School board trustees Tom Chaffee and Rosemarie Avila want to teach children American values, reform bilingual education and keep the federal government off their backs. Wish them luck. While the two conservatives may be in lock-step with the nation's conservative political tide, they are the so-called minority members of the Santa Ana Unified School District Board of Education, and often are viewed by colleagues, school officials and residents as the school board rebels.
CALIFORNIA | LOCAL
June 9, 1996
Talk about needs for social services and health care, Santa Ana certainly has them. So why shouldn't the public schools get into the health-care business? It's only practical; the kids are there, the schools are conveniently located. Many parents don't drive. And certainly it would take a load off the teachers who work so hard, often against great odds. The answer is no way. It isn't the American way. Through Medi-Cal funding, now managed by the county's newly created CALOPTIMA system, our schools are being placed in HMOs, which are regulated and monitored by federal guidelines.
CALIFORNIA | LOCAL
April 10, 1994
I must respond to Keith Breon's letter to the editor (April 3), since he has used his contract with the Santa Ana school district as legal counsel as basis for his letter. Breon is not representing my views or beliefs in any way pertaining to the issues he presented, nor did he get prior approval from the Board of Education to debate the issue in the newspaper. Breon rightfully points to appraisals or communications related to negotiations for the sale or purchase of property as proper closed-session agenda items.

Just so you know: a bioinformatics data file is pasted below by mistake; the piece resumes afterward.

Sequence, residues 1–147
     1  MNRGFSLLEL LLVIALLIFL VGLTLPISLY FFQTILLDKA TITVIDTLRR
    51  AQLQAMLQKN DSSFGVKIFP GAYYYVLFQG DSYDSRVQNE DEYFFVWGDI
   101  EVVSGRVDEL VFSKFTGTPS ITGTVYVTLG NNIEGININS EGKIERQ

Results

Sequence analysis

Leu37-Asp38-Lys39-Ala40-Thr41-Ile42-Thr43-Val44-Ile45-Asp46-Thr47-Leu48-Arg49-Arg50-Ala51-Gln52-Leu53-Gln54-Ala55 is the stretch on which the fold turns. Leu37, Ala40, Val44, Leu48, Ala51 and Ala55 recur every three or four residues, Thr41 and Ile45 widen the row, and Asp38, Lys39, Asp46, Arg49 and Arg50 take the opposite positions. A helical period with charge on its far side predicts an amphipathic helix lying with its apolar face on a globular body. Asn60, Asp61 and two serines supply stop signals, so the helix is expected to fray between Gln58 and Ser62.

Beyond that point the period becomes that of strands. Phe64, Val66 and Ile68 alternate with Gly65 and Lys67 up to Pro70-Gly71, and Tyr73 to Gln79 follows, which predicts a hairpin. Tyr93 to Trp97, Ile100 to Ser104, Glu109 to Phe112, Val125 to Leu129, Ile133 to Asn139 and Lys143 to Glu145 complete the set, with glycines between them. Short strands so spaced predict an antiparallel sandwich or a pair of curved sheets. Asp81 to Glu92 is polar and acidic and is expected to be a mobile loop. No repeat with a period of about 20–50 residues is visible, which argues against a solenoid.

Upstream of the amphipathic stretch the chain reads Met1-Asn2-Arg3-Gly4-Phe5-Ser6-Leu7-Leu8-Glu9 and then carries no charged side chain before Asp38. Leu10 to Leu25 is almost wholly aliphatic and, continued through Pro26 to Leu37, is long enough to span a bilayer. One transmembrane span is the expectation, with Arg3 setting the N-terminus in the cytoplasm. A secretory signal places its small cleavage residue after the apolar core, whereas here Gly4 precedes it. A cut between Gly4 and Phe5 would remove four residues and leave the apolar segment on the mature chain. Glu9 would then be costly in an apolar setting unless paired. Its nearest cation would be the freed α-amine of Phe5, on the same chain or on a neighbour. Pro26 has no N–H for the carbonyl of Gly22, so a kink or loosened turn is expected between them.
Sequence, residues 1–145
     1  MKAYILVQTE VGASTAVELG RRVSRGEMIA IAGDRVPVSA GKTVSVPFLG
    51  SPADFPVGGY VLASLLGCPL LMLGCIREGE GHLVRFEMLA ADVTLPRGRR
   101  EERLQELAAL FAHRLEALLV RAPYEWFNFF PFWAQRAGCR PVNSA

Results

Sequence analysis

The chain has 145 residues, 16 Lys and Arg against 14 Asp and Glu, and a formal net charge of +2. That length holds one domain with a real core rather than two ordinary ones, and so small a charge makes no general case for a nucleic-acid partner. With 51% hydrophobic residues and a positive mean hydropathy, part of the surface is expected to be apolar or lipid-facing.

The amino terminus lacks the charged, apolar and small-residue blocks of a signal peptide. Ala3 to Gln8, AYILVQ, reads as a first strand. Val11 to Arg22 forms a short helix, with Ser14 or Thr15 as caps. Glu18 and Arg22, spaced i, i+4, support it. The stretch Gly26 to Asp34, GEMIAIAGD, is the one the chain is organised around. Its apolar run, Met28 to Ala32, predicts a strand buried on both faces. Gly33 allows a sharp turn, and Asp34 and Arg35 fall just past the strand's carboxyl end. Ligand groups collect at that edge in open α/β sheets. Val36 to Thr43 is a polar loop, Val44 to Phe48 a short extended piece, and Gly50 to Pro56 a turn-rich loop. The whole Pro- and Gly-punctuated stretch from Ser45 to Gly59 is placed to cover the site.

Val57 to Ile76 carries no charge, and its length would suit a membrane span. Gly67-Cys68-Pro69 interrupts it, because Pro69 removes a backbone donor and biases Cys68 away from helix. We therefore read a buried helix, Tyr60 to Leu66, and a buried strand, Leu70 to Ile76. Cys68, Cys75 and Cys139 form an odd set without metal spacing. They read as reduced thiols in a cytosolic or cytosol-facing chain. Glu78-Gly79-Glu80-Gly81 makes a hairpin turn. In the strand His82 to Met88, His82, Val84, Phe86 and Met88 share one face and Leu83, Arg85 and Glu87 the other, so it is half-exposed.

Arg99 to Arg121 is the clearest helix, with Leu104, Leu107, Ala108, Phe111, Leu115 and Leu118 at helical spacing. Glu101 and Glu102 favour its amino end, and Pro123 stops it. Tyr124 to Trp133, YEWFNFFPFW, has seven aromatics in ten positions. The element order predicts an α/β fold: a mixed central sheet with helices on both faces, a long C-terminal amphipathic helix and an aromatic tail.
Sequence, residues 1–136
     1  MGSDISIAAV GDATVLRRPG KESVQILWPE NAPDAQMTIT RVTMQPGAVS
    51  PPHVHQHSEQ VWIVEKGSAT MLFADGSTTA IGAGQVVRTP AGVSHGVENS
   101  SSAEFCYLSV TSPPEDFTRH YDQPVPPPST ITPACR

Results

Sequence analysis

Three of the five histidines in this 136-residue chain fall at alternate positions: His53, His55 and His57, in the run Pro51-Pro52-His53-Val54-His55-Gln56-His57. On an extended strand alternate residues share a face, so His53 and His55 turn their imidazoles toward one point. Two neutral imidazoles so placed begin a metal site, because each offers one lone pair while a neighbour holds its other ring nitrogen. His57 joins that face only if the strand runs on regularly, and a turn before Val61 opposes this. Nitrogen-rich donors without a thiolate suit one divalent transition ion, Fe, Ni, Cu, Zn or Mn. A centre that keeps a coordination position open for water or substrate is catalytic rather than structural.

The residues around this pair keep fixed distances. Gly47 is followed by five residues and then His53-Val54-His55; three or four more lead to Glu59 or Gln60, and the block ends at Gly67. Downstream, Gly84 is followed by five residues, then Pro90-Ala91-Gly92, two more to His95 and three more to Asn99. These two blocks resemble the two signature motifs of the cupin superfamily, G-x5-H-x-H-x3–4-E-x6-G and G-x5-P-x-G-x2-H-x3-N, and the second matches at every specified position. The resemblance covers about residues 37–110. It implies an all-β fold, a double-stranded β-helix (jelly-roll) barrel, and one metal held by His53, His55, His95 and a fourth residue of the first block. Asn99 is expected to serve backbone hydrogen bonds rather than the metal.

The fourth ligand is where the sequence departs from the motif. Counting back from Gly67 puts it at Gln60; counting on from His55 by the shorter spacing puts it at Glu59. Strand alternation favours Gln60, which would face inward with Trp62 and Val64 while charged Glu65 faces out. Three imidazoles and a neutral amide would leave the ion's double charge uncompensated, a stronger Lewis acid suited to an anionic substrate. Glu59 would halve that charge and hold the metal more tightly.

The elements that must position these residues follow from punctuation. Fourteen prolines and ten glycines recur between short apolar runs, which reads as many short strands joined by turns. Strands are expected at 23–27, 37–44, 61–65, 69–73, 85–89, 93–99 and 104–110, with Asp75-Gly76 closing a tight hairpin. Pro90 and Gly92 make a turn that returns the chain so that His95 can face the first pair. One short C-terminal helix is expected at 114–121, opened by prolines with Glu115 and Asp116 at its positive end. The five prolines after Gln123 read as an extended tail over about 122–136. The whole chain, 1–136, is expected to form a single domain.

CALIFORNIA | LOCAL
August 14, 1988
Your Sunday editorial (July 31, "Need for Sex Classes Shows in Birthrate") concerning the Santa Ana school board's vote to accept the AIDS/sex education guidelines gave two misleading facts: The editorial gave your readers the false impression that those who opposed the sex education guidelines also opposed sex education. The 10 people who addressed the school board and the over 1,000 residents that signed petitions wanted sex education. They just wanted the right kind that teaches young people to postpone sex until marriage to avoid AIDS, venereal disease, teen-age pregnancy and other mental and emotional hardships.
CALIFORNIA | LOCAL
May 3, 1998
Proposition 227, the "English for the Children" initiative, isn't really about "bilingual education" versus "English only." That's political rhetoric. Bilingual education seldom produces truly bilingual, bi-literate students. And no one wants the children to speak only English. As a parent, I want my five children to know English well and to learn other languages. Our schools should be doing just that. The issue is what works for our students. A Santa Ana Unified School District bilingual study in 1987 pointed out that over 84% of the students in these programs were two or more years behind, and that it was unlikely that they would ever catch up. Despair sets in: "I will never catch up."
CALIFORNIA | LOCAL
June 9, 1996
Talk about needs for social services and health care, Santa Ana certainly has them. So why shouldn't the public schools get into the health-care business? It's only practical; the kids are there, the schools are conveniently located. Many parents don't drive. And certainly it would take a load off the teachers who work so hard, often against great odds. The answer is no way. It isn't the American way. Through Medi-Cal funding, now managed by the county's newly created CALOPTIMA system, our schools are being placed in HMOs, which are regulated and monitored by federal guidelines.
CALIFORNIA | LOCAL
August 20, 1995